Mechanical combination locks have been around since the mid-1800s and have not changed much in their design. Current locks consist of three or four, wheels, a lever, bolt, and a cam that accepts a threaded dial spindle which must be “splined” together with a spline key. Splining, or...
To access the remainder of this piece of premium content, you must be registered with Locksmith Ledger. Already have an account? Login
Register in seconds by connecting with your preferred Social Network.
Complete the registration form.
Mechanical combination locks have been around since the mid-1800s and have not changed much in their design. Current locks consist of three or four, wheels, a lever, bolt, and a cam that accepts a threaded dial spindle which must be “splined” together with a spline key. Splining, or mis-splining, of a mechanical combination lock has been the subject of numerous articles over the last 30 years, as correct splining is critical in order to avoid accidentally setting the combination in the “forbidden zone.” Changing the lock design to eliminate splining entirely is the most significant change to the new mechanical combination lock being introduced by Nick Gartner, founder of La Gard, and most recently Lock Technology BV. While still consisting of three wheels, a lever and bolt, Gartner’s lock cam is not threaded and is not splined with a key together with the dial spindle. (Figure 1)
As a brief recap, splining of a mechanical combination lock is determined by the position of the lock bolt when it is mounted on a safe door. The positions are right-hand (RH), left-hand (LH), VU (vertical up) and VD (vertical down). Incorrect splining causes the “forbidden zone,” considered to be from 0 to 20 (third number of the combination) to change accordingly around the dial and becomes lost. When this forbidden zone occurs in an area other than “0 to 20” on the dial, it is just a matter of time before someone unknowingly sets (what should normally be a “safe” number for the last number of the combination) a number in the forbidden zone, causing a lockout or lock-in. This forbidden zone has also been the subject of many articles over the years and is the number two cause (forgetting the combination is number one) of mechanical combination lock failure. In fact, in the Locksmith Ledger in March 1988, Harry Miller wrote that “[the forbidden zone] is like a time bomb waiting to explode”.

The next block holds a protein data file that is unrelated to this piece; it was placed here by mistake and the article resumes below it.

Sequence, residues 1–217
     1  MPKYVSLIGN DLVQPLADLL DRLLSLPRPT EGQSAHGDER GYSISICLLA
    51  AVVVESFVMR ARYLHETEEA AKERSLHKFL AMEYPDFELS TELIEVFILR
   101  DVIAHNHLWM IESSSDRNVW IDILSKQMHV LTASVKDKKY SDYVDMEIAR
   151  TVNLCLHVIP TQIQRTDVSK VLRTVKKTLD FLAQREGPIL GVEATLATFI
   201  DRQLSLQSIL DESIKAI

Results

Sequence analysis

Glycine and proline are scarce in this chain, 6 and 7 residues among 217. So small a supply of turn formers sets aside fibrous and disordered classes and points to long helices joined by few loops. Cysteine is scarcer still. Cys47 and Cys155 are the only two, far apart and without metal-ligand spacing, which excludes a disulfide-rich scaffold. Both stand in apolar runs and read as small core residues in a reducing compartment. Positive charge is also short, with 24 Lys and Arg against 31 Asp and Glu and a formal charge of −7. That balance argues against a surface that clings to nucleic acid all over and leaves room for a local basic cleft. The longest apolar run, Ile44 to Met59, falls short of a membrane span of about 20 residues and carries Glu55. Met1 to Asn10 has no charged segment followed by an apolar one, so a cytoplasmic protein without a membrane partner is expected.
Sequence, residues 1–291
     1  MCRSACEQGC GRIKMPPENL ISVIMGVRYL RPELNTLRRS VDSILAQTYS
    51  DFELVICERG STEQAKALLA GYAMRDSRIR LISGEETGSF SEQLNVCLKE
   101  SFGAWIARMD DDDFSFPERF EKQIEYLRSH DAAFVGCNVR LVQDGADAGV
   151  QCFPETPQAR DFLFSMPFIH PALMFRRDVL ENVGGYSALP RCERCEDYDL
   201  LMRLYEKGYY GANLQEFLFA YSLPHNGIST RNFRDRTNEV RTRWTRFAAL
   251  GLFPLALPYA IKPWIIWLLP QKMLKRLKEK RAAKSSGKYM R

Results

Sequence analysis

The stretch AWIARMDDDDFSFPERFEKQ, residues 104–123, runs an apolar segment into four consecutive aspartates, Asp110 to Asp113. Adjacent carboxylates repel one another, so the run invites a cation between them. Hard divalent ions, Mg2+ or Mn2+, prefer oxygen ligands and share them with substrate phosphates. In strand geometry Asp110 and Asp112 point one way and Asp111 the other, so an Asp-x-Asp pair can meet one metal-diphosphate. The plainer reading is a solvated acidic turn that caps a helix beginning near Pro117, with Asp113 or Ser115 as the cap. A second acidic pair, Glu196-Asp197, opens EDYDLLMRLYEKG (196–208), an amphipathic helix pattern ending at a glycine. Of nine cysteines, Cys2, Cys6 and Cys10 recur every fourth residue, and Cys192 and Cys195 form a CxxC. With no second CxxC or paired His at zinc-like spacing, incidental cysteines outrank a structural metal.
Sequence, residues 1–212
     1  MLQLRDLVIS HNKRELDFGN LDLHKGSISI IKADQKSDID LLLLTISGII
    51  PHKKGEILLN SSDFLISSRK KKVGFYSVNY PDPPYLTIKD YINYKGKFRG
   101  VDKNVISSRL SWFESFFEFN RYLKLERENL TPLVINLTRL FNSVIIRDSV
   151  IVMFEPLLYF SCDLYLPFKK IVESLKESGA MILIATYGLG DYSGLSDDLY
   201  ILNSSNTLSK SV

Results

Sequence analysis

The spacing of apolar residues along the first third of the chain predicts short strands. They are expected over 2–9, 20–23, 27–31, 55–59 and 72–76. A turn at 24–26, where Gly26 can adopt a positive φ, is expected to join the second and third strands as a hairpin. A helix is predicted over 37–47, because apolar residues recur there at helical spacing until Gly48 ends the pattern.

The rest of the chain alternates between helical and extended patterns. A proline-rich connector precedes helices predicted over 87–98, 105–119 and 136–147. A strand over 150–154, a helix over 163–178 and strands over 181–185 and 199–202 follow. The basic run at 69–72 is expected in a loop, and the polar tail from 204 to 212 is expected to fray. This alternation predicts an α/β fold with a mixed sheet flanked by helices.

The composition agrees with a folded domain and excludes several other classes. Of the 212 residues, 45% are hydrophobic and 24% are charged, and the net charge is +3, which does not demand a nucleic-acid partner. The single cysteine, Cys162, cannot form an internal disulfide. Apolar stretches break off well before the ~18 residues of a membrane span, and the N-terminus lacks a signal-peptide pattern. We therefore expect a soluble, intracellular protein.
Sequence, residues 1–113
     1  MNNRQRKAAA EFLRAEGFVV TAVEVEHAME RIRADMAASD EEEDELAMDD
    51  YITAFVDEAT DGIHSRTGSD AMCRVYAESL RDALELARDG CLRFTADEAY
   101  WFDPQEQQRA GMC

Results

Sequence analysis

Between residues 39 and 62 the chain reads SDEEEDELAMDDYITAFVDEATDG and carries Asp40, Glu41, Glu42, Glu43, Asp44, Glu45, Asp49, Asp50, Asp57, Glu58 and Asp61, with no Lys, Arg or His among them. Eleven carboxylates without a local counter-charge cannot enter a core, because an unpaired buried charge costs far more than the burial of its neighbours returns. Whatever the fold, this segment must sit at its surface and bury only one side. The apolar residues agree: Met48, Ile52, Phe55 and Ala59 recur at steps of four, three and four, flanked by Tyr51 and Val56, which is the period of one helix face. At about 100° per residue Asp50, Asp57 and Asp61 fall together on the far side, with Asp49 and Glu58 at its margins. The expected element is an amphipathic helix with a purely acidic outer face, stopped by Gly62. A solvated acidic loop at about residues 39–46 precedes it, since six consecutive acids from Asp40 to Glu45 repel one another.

The new Mechanical Combination lock’s cam accepts a 6mm square shaft with cut-off points and has a star washer in the lock shaft hole. (See Figure 2) With the introduction of a square shaft, the lock can be mounted in any of the four positions (RH, LH, VU, VD), without removing the lock cover, making it the first truly sealed lock. To mount the lock and mate the dial, with the lock in the OPEN position (bolt retracted), the dial is held so that the number 93 (approximately) is lined up on the dial’s Opening Index (Figure 3), then the shaft pushed into the lock with a slight bit of pressure. The shaft cannot be pulled out as it is held with the star washer.
There are several significant advantages to this new cam/shaft design:
1. Forbidden Zone: In addition to avoiding forbidden zone problems because of not splining, the forbidden zone is smaller on the new mechanical combination lock. While current locks use 0 to 20 as the forbidden zone for the third number of the combination, 0 to 10 is the recommended range on the new lock.
2. Square Dial Shaft: The cut-off length of the shaft is not as critical as on a threaded spindle. “No Spy” dials from Lock Technology BV come standard with a detachable square shaft with cut-off points (little steps). When the shaft is cut to length, the cut-off points create a chamfered area (unlike the threaded spindles that must be deburred after cutting). The square chamfered area creates a positive location into the star washer then through the cam. Additionally, as the shaft is shipped detached from the dial, it does not take up extra space as occurs with dials shipped with the spindles pressed in.
3. Cost-effective to Install: The lock can be installed quickly and easily. Not having to remove the back cover saves time. No errors are caused by mis-splining, or by having a loose or incorrect spline key. With the chamfered cut-off point on the shaft, time is not spent on deburring the end of the spindle and the length is not that critical.
A friend obtained a Sentry ® 5560 Fire-Safe ® at a "bargain price," figuring that I could make the minor repairs and he would have a safe. He was so excited as he spoke, telling me the safe was...
Tips for servicing three-wheel combination safe locks, old and new.
The development of the electronic safe lock has revolutionized the way people think about owning a safe. Operating a mechanical safe lock required not only memorizing the three or four numbers of...